Grease Pole Climbing
I’d never heard of it before (and you know how that’s gets me excited!): grease pole climbing.
I had my first taste of it yesterday at the Festival Italiano in Guelph, Ontario, Canada – proof positive that small towns (and not just big cities) have plenty to offer in terms of adventure and undiscovered experiences.
Crudely surrounded by a couple of mattresses and scattered stacks of hay, two tall timber poles (23ft & 18ft), liberally greased with as much as 30 litres of motor oil each, stood at the ready for the three 4-man teams (and one co-ed 4-person team) to clamber up and claim the $1000 prize at the top by snatching one of the red flags attached to a dangling side of ham or salami at the pole’s summit.
Funny? Dangerous? Inspiring? I still haven’t decided which; perhaps all three! That’s likely why it attracted such a huge crowd that stayed and cheered right through the teams’ eight attempts.
From the outset, one team seemed to have the focus and preparation to meet the challenge. Unlike the other teams which seemed hell-bent on getting to the top as soon as possible, this team approached the pole with the simple goal of using each successive attempt to rid the pole of another foot of grease – large blobs of the coagulated sun-baked oil went flying into the crowd as it was wiped off the pole! Minimising their efforts and conserving their strength for later attempts once the calculated task was complete they’d be content to simply slide back down and wait for their next turn.
The other teams were a bit more humorous and far more hungry. Struggling in the heat, you had to admire their determination to clamber atop each other and stand on each other’s shoulders, or even more comically, each other’s heads! – a task that became increasingly difficult the more oil their hands and clothing collected. But it was clear they didn’t have a longterm plan of attack, and were using brute strength to reach their goal. And that’s where the hard work came in. Four people standing tall on each other’s shoulders was still not enough to reach the top, not by far, and it was when the top-most person would embrace the pole that hilarity ensued, as they’d often slip straight down, fireman style to the ground, knocking their teammates down the pole with them. The pole may not have been as greasy thanks to the first team’s efforts but it was still incredibly slippery.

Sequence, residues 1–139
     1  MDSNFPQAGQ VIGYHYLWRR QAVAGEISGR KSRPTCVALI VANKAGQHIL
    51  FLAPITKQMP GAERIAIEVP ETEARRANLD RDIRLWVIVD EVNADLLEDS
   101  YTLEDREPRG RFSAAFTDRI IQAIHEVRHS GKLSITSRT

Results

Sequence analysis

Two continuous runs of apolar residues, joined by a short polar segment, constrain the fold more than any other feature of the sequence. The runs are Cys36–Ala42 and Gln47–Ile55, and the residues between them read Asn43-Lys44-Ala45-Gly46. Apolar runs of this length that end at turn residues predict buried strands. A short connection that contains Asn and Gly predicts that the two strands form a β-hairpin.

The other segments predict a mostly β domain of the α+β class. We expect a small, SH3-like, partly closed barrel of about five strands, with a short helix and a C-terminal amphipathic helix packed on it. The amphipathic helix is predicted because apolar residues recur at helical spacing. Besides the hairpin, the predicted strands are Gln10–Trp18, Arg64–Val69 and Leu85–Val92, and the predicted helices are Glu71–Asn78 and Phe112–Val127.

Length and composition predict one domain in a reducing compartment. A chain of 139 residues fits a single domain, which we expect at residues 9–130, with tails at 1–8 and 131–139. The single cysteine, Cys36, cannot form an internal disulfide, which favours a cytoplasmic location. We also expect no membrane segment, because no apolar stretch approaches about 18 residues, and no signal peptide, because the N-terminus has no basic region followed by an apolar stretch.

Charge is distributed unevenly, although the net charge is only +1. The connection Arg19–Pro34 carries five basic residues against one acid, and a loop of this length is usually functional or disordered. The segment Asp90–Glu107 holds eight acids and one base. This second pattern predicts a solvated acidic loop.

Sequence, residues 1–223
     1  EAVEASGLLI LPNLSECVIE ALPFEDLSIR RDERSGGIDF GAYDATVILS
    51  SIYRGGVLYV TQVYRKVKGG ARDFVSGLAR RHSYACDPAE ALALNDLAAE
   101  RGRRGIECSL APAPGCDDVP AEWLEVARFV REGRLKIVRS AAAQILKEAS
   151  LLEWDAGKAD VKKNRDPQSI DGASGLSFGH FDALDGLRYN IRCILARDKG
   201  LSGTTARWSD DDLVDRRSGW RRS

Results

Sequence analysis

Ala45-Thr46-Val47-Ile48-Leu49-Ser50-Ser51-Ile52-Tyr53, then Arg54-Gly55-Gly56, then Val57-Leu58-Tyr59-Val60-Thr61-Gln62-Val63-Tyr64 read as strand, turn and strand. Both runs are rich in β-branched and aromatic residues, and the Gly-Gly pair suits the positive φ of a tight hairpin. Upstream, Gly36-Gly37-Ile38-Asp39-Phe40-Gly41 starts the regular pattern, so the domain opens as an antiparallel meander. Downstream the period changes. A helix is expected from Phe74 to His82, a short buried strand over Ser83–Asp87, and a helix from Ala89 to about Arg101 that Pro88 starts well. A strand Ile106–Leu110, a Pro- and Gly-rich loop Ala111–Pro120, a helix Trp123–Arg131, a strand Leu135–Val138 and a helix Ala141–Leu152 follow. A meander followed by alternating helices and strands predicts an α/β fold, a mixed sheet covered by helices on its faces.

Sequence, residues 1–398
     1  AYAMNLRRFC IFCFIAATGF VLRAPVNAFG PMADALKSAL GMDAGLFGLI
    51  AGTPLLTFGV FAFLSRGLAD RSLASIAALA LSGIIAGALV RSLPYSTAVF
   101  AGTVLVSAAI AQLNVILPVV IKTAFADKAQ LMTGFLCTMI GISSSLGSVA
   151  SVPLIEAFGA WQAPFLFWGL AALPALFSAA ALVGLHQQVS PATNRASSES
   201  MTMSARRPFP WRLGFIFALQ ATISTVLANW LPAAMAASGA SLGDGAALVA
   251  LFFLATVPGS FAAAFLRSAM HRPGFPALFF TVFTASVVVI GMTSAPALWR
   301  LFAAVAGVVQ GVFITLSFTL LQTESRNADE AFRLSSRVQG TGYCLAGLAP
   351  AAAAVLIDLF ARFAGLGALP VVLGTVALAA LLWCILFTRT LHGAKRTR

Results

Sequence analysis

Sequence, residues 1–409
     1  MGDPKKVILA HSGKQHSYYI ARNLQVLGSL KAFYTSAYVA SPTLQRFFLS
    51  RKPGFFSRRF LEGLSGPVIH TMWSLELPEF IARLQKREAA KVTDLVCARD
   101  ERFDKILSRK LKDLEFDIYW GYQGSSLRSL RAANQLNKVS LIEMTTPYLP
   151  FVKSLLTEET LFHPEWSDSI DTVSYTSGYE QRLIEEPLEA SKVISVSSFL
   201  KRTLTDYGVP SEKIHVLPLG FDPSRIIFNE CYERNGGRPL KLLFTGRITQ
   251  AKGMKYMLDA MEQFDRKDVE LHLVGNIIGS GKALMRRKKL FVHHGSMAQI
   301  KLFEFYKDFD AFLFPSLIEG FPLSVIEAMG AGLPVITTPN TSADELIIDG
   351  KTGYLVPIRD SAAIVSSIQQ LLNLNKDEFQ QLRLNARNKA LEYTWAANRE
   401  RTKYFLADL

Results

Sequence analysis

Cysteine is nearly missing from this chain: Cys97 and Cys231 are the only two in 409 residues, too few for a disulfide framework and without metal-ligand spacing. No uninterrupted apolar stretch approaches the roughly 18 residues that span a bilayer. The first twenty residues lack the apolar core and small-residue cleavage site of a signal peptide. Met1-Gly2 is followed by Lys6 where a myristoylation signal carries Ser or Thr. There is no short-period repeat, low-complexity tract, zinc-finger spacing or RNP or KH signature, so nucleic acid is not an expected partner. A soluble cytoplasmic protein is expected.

And here it was evident that the event was not without its dangers. The co-ed team (on the shorter pole) which had come within a hair’s breadth of clasping the red flag, encouraged by the collective will of the gasping crowd, slipped at the last minute sliding down the pole on top of each other’s heads. Despite getting so close – having had the wind tease the red flag from their grasp – they removed themselves from competition due to injury.
Despite the discomfort of having three people slide down on to your head, I particularly felt the danger for the daring fourth climber as he clambered up on top of his three teammates, trusting his weight to their clothing (belts especially came in handy for hand and foot holds to gain leverage over one another) and his greasy hands. One team tried a leapfrog maneuver that saw one guy trying to climb over his mate while his mate was tightly hugging the pole with all fours. At one point he was leaning precariously out from the pole, trusting all his weight to his mate’s slippery grip, and his grip on his mate’s belt!
Again I come back to the first team who had strategized with a slow but effective plan of attack. They had prepared with a selection of clothes they could change into if their clothing got too oiled, resorting on the final attempts to taping large piece of burlap to the ‘top guy’s thighs, arms and chest to assist with added grip as he shimmied up the pole.
With the crowd behind them on their 8th attempt the confident team snatched the flag from the dangling salami and claimed the prize.
It was a lesson in the power of planning, preparation & patience!
Does your hometown have a strange tradition/offbeat event? What is it? Have you participated in it? Do tell.